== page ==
Take, for example, this AMAZING Harper's Bazar from 1898! Isn't it incredible?? I love the ads. There's something bizarre about this Bazaar, though - check the spelling of the title - there's only one "a"! The magazine still exists, and there's a companion Web site that clearly spells it the correct (Turkish) way, so I checked out the history of this magazine on Wikipedia.
I knew it was a high-end magazine, but I had no idea how many of the 20th century's most celebrated photographers, artists and fashion icons got their start there! Richard Avedon, Andy Warhol, Erte, Man Ray, Diane Arbus - they all shot or illustrated for Harper's. Fascinating!
|This $125 would cost a whopping $3231.74 today!|
How's this for wonderful - this magazine was a GIFT. Thank you, Dot! :D
Here's the "Fondy" artifact I mentioned in the subject line - this 1931 cook book, which was put out by the "Ladies of the Tabea Mission Society and their friends". (HOLY MOLY! I was just searching online for "Tabea Mission" and found that someone tried to sell this same cook book for FORTY BUCKS! Not surprisingly, no one bought it for that price!). The Tabea Mission society seems to have some ties with the Mennonites, but I couldn't find out much.
There are so many great things about this cook book, but my favorite thing is the ads. Most are just copy but some have great illustrations! The 2, 3 and 4-digit phone numbers also slay me, yet some ads only have an address! Can you imagine a local ad doing that now? That would be the kiss of death. Back then, though, you really just had to put your name - most people knew where you were and when you were open. What else did you need to know? :D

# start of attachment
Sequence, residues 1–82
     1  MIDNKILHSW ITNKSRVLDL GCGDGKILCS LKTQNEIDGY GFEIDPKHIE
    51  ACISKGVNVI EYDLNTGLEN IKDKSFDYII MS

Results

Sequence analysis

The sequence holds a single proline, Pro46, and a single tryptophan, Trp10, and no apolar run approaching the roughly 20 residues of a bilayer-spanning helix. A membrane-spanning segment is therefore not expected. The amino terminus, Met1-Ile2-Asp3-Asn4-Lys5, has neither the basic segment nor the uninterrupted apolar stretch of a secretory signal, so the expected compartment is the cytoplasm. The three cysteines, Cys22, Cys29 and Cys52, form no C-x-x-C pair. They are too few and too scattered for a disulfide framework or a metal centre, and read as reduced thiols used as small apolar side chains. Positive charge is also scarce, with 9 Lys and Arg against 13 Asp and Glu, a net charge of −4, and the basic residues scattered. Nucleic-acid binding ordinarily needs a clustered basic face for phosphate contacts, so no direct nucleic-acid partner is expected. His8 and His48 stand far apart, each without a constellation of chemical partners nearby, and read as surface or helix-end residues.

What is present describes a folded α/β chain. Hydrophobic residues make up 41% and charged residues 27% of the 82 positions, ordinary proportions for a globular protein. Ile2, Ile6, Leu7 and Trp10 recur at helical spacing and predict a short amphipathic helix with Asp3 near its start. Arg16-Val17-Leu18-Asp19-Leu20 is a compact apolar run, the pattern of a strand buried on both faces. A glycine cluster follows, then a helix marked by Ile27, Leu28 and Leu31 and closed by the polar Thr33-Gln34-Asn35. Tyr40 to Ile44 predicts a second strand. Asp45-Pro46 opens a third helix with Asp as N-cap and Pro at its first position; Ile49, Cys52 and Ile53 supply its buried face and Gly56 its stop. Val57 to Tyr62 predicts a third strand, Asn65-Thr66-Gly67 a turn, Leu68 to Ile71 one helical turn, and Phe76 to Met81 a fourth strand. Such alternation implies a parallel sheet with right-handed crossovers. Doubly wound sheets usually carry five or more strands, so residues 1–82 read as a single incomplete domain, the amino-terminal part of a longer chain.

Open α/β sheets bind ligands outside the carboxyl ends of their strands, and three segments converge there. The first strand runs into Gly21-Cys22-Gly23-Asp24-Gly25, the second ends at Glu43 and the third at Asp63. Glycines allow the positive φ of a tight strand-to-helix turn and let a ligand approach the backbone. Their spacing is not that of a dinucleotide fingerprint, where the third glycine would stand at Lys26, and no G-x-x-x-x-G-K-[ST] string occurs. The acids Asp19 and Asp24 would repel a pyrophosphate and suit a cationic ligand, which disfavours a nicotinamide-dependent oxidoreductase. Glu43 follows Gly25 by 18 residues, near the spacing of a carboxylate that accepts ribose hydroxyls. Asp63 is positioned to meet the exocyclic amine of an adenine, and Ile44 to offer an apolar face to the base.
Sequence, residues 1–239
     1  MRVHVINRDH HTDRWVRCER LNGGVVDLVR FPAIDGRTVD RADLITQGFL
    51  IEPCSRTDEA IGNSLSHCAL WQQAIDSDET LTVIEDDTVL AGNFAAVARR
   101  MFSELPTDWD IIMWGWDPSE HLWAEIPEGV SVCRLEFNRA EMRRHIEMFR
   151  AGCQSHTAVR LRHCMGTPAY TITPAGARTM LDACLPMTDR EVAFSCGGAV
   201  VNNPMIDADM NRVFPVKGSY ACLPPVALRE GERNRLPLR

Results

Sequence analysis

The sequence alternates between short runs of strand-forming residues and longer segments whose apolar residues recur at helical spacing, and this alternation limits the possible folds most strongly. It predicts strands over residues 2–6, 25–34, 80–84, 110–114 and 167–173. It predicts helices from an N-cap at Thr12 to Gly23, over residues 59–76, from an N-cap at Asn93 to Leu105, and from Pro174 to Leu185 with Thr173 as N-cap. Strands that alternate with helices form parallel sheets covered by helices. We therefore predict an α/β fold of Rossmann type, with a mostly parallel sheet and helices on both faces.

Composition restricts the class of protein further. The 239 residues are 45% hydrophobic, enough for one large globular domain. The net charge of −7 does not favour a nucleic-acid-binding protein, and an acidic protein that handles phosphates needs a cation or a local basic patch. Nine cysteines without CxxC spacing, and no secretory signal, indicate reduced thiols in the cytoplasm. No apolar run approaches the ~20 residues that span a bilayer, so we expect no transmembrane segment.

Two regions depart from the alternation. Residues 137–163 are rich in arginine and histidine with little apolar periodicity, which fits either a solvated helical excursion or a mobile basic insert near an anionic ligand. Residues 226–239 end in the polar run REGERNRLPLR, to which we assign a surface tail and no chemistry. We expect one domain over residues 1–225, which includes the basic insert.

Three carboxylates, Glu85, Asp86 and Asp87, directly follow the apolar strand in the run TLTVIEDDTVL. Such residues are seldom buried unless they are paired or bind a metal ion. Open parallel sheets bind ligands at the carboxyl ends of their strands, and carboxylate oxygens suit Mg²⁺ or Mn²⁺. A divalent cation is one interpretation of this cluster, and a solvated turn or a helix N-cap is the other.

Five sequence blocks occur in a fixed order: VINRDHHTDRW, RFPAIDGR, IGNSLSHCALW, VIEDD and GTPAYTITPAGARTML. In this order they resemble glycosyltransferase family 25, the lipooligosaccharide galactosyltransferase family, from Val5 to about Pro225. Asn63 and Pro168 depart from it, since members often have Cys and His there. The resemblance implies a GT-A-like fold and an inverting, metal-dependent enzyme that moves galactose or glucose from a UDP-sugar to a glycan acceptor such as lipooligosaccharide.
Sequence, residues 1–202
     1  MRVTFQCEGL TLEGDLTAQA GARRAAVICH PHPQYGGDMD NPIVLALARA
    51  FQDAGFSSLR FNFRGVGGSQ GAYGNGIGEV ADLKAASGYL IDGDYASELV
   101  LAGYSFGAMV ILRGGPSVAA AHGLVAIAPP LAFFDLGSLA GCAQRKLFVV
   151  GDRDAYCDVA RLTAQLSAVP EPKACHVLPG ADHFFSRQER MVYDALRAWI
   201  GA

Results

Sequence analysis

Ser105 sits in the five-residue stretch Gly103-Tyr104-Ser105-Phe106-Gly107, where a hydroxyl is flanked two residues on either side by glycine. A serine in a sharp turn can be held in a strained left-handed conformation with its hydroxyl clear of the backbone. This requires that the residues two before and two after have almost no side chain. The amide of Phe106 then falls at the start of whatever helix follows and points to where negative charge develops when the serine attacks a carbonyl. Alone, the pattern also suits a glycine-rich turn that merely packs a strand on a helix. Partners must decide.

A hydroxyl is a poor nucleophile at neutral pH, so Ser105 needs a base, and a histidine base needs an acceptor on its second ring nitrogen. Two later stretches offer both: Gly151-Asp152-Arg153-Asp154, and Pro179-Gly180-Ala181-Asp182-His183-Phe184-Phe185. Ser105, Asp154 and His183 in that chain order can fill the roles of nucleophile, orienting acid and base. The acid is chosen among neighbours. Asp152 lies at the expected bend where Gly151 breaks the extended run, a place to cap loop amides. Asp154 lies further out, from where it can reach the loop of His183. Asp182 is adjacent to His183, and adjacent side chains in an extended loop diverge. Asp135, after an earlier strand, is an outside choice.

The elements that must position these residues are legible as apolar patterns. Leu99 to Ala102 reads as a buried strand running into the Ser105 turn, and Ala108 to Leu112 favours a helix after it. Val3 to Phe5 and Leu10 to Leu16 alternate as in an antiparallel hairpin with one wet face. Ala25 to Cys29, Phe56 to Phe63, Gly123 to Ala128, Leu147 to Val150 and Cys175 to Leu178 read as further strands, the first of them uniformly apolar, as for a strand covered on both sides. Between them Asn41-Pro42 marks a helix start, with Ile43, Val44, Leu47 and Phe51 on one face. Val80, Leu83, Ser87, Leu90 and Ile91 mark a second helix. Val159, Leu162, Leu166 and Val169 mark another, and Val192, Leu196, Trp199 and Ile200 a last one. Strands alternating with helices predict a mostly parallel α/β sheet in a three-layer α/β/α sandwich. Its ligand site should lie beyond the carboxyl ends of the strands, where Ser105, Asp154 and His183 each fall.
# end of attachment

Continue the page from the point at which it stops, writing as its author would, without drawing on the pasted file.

Check out these recipes - do they look incomplete to you? I'll bet they didn't to our great-grandmothers! They baked so much, they didn't need any "trivial" information, like what temperature to set the oven to or how long to bake. They just instinctively knew. Imagine this being the last recipe book on Earth - we'd all starve. :D
One thing that has changed for the better is our health care. Eighty-one years ago, you could claim treatment of heart trouble, "ciatica" (sp) and falling arches in the same quack "parlor". Thank goodness these places have been debunked! Sure, you can still find all kinds of "cures" these days, but they have to come with disclaimers and you can find all kinds of pro and con information online. Back then, you had to trust that this guy knew what he was doing. Something tells me he didn't. :D
Items like this make me want to seriously research our downtown and how it's changed through the years. Happily, I discovered quite a few businesses were still around, although they're spread far and wide in the city now. Still, it's heartening to know that some things haven't changed in 81 years.
Thanks for the great sale, Gene and Dot! We had a blast! Readers, I'll have more from this sale in future posts! :D